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Sticking to his roots

At the ripe old age of 90, K.S. Tilak still has the fire in his eyes and likes to exhibit his oratory skills

PHOTO: C.V.SUBRAHMANYAM

K.S. Tilak

On August 15 in 1986, when speed post was first dedicated to the nation, one person in a remote village in East Godavari sulked, while the nation rejoiced over the new postal delivery system. Brooding over the delivery system, he mentioned to his associates, a bunch of social workers in their late teens, “From today the rich will receive their letters faster, while the poor will receive them late. The gap of disparity between the rich and the poor is enhanced.”

The profound statement was from the veteran socialist leader, freedom fighter and Member of Parliament of the first Lok Sabha (1952) from Vizianagaram, Kandala Subrahmanya Tilak.The nonagenarian was born on July 15, 1920 in Visakhapatnam, and from the age of ten was actively involved in the freedom struggle. He followed his uncle, Kandala Sarveswar Sastry, a noted freedom fighter, for about five miles to participate in the Salt Satyagraha march from Vizianagaram to Visakhapatnam, only to be reprimanded and sent back home mid-way in 1930.

“Having been brought up in a nationalist environment, as my father and my uncles were all hardcore nationalists, the idea of joining the freedom movement was sown early in me,” says veteran leader.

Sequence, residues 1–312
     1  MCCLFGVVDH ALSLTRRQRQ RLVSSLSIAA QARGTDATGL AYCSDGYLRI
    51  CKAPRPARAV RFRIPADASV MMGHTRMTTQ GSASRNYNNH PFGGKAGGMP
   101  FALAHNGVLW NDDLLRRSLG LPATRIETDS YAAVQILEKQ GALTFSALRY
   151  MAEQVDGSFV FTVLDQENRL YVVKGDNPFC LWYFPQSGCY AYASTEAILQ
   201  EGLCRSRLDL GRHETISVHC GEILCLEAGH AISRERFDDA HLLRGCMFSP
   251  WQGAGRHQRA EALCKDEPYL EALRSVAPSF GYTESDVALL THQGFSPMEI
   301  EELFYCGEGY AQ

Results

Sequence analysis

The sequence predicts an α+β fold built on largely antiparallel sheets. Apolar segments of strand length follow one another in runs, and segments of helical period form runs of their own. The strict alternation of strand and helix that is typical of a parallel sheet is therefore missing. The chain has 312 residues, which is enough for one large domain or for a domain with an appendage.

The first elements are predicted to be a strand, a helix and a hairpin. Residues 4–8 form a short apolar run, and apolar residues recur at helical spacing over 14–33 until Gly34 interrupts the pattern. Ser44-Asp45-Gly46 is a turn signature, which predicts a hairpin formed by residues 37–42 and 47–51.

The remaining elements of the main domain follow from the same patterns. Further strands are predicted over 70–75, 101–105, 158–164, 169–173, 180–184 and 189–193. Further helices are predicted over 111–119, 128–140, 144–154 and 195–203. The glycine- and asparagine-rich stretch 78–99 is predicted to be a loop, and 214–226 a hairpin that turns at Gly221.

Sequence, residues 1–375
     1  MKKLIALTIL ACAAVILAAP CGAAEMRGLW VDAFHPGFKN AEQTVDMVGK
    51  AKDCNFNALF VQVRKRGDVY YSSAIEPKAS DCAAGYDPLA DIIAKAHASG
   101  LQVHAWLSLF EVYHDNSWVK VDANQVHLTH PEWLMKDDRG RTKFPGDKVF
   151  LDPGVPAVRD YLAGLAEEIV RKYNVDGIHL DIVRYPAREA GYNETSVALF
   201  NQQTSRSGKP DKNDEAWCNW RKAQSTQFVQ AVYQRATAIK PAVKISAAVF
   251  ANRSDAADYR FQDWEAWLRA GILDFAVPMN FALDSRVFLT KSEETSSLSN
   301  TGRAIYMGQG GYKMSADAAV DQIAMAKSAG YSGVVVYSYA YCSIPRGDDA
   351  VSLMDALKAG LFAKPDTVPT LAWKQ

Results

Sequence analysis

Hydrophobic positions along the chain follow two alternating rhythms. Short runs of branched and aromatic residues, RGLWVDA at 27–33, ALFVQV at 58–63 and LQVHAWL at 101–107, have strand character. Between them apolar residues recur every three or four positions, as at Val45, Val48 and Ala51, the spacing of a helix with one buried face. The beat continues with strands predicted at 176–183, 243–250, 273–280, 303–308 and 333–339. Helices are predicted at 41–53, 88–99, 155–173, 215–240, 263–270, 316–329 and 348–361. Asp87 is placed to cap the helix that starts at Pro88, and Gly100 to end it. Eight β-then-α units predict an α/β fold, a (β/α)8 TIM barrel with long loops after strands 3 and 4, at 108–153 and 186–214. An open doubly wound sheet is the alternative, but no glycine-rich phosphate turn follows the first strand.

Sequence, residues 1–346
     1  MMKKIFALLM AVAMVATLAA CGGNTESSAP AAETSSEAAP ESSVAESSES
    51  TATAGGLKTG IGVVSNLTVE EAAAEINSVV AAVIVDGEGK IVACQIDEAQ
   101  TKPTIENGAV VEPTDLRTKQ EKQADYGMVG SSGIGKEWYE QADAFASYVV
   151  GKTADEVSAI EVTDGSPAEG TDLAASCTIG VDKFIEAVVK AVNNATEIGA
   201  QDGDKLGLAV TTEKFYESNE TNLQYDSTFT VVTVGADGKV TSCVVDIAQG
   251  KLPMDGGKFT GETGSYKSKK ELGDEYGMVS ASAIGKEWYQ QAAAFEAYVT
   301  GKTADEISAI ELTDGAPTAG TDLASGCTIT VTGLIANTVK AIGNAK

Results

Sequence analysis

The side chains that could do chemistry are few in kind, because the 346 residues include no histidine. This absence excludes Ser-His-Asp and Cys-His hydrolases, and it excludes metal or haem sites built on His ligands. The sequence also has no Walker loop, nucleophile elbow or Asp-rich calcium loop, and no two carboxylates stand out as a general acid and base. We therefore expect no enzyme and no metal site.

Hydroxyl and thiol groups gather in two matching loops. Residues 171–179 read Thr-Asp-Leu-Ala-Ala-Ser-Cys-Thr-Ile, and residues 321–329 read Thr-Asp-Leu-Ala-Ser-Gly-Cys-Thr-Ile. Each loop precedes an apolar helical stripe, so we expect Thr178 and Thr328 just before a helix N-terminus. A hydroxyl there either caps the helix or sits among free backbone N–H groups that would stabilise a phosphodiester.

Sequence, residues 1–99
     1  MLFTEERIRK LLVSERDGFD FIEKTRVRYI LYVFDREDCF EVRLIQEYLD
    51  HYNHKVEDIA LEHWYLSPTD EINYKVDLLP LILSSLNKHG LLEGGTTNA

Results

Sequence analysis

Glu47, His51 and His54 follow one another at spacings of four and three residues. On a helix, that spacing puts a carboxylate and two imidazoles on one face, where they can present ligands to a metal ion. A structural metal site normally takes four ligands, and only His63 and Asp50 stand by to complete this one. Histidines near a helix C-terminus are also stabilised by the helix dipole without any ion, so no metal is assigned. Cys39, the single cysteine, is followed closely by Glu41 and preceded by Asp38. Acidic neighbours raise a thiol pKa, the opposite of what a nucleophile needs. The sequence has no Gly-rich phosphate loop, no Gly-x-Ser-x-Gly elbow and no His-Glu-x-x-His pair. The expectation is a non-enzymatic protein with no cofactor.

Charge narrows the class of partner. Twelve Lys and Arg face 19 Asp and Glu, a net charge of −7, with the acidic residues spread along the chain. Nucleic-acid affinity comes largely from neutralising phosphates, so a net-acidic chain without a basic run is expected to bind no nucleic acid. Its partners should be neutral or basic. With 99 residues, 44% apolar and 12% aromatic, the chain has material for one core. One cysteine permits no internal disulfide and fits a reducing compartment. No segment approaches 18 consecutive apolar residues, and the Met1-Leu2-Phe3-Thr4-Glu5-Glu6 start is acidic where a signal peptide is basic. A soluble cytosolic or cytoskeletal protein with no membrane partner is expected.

He plunged actively into the movement while pursuing B.Sc. at Banaras Hindu University. At the age of 18 years, he was elected as the student leader in the campus.

Even at the ripe age of 90, he still maintains a clear idea on socialism. “Political freedom from the British regime was important, but equally important was the socio-economic equality, post independence. The Congress party did play a stellar role in obtaining independence from the colonial rule, but it seems that the entire ideology had derailed once they had come to power.”

He believes that the future of the country lies in the hands of the younger generation who rely on non-violence, democracy, secularism and socialism.

K.S. Tilak now lives in Adivivaram, behind Simhachalam Hill, with his wife, daughter and son-in-law. He now spends his time reading and serving his visually impaired wife.

SUMIT BHATTACHARJEE

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